Isolation or Connection By Riley Heiges

Total Isolation, No Hope
Cold Lonliness, Hot Anger
Self-Reliance, Distrust of Others
Love, Romance
Differences Set Aside, Embrace
End to War, Peace

In the Watchmen comic, a major reoccurring theme is whether it is better to be isolated from the world or to have strong bonds with other humans.

Jon (Dr. Manhattan) and Laurie on Mars

One of the main characters, Dr. Manhattan, has extraordinary, God-like powers including the ability to see/be in the future and past at the same "time." This power causes him to be emotionally isolated from other people and events since he already knows what is going to happen. He exists in multiple points in time, so he cannot alter the future since he is experiencing the future while in the present. This leads to further isolation as others do not understand why he will not help out often.

Still on Mars

By the end, however, Dr. Manhattan finally sees the value in human life. This goes even to the point of him suggesting that he will go to a different galaxy and create human life there. Does this support the notion of isolation since he leaves Earth or does this support the notion of connection since he is so fascinated by humans now that he is going to create more human life? I say it supports connection because he is going out and spreading life as opposed to simply abandoning humanity.


In part three there is the above discussion between a boy and a news vendor. The news vendor basically says that everyone is alone and can only rely on themselves. This supports the notion of isolation present throughout Watchmen.


However, the news vendor quickly changes his mind after learning that the Russians are invading Afghanistan as it makes Nuclear War much more likely. Over the span of a few pages his isolationist philosophy is discarded in favor of a new philosophy where people share and look out for one another. This makes this encounter between the boy and the news vendor one that now supports the notion of human connection as opposed to supporting isolation.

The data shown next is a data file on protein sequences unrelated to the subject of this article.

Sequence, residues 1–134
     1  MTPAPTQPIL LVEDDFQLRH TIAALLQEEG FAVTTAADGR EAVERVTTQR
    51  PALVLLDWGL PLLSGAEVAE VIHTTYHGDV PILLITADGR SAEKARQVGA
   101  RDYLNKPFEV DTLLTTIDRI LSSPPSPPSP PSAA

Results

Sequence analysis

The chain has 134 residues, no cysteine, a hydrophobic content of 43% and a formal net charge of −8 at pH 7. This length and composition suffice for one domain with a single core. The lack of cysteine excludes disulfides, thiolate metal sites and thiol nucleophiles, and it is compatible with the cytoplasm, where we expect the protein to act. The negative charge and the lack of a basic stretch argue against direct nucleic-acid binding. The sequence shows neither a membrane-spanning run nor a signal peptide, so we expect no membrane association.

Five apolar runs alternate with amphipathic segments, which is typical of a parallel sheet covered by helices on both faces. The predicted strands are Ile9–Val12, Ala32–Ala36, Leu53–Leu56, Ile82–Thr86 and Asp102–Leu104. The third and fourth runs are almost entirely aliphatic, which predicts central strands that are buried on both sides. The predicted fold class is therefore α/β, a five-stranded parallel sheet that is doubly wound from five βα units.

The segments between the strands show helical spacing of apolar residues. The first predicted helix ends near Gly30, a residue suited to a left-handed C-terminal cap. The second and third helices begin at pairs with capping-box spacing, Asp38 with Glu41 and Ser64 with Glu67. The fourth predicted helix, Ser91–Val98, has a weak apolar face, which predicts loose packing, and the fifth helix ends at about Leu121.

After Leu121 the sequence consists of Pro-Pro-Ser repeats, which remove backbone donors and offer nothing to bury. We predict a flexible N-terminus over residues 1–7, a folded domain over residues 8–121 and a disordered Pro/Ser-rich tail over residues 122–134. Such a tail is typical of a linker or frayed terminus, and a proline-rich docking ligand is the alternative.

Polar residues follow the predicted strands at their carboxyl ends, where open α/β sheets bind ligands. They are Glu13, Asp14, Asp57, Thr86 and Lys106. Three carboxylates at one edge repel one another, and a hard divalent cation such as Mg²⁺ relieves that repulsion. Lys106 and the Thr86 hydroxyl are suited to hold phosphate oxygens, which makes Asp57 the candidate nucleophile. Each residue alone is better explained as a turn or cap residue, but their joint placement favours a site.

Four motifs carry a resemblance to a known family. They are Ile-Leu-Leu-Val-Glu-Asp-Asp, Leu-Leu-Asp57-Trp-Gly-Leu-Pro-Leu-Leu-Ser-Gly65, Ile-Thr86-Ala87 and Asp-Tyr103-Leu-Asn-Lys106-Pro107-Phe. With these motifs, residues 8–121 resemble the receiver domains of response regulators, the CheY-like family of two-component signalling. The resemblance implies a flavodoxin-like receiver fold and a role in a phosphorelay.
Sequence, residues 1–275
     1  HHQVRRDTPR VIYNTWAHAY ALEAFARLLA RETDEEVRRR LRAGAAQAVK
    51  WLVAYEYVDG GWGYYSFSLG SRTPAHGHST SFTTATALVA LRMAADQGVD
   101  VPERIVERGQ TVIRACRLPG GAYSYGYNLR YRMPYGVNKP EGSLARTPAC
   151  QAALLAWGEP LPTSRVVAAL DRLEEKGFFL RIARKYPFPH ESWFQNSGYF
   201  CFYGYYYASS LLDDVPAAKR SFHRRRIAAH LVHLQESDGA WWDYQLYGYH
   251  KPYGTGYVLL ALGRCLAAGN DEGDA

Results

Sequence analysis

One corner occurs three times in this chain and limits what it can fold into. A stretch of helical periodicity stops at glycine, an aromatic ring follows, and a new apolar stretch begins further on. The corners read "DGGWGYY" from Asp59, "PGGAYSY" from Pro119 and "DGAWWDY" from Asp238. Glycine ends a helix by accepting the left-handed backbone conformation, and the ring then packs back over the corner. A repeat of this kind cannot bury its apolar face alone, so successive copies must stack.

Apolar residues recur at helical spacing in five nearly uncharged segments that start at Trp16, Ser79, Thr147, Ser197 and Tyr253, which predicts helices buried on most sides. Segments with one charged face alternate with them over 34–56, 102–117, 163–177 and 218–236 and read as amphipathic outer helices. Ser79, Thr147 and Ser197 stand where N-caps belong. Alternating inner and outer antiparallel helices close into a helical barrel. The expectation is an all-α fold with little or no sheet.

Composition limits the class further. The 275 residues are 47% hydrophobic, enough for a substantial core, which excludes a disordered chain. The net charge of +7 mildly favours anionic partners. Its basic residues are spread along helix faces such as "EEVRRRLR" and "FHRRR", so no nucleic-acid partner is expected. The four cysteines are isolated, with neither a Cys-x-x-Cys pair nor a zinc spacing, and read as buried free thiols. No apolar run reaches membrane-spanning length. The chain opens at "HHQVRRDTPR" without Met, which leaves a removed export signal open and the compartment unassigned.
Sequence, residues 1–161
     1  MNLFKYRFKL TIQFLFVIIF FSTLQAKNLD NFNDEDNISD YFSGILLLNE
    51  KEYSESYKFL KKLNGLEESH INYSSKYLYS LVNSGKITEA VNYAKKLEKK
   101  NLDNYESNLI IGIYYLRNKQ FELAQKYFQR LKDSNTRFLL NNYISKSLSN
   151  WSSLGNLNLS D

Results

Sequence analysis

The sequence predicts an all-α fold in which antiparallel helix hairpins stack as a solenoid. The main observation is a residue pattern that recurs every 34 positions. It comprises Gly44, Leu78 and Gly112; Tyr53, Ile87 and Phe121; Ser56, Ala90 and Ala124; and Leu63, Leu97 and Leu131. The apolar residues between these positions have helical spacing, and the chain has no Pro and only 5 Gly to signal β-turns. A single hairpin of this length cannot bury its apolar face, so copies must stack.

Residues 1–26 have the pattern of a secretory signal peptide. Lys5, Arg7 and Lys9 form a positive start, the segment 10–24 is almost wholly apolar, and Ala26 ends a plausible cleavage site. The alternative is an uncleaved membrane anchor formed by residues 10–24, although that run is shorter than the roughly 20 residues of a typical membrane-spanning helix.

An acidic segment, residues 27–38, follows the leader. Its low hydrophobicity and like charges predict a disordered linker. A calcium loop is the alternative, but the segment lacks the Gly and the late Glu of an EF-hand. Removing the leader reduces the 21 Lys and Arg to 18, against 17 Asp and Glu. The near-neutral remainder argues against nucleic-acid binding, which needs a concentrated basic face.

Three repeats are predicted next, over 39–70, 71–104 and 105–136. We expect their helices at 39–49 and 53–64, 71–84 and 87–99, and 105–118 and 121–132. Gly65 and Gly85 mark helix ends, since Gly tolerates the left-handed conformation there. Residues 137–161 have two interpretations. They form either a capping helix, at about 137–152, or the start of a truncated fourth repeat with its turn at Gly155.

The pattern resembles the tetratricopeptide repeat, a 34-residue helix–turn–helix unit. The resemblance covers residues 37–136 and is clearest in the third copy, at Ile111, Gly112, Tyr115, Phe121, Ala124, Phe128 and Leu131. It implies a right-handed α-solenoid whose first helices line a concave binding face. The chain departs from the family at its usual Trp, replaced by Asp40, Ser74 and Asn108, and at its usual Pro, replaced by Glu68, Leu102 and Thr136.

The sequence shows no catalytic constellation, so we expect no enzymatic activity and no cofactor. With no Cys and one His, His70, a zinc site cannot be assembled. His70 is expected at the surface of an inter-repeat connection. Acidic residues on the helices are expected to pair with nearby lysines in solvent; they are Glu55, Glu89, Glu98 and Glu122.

The pirate (left) and Adrian (right)

In Watchmen, there is a side story going on that is a comic book about a man that is stranded and is trying to get back to his home town to save it from pirates. To accomplish this he makes a raft out of his dead crew mates. The man goes crazy from drinking salt water and eating raw shark as he sails on his corpse raft. By the time he gets to his home town, he has convinced himself that the pirates have murdered his family and taken over the town. This leads to him murdering two innocent people and killing/hurting his wife before realizing his mistake. There are multiple clues throughout Watchmen that associate Adrian with this man in the pirate comic; the most obvious being the above two panels. This shows how Adrian went crazy and how trying to save the world by himself was a mistake, further supporting the notion that human connection is a beautiful thing. Adrian being wrong was further cemented in by Dr. Manhattan telling him that "nothing ever ends" in response to Adrian asking if he did "the right thing in the end."

Adrian after last talk with Dr. Manhattan

In conclusion, the notion of connection in Watchmen prevails over the notion of isolation. Most characters have come together and set aside their differences by the end of the comic. Adrian appears to realize there error of his attempt to save the world by himself just like the man in the pirate comic realizes his error too late. Dr. Manhattan regains interest in humanity and sets of to make humans in a different galaxy. The boy and the news vendor embrace each other right before they die. Human connection is ultimately made out to be more important than isolation or apathy.

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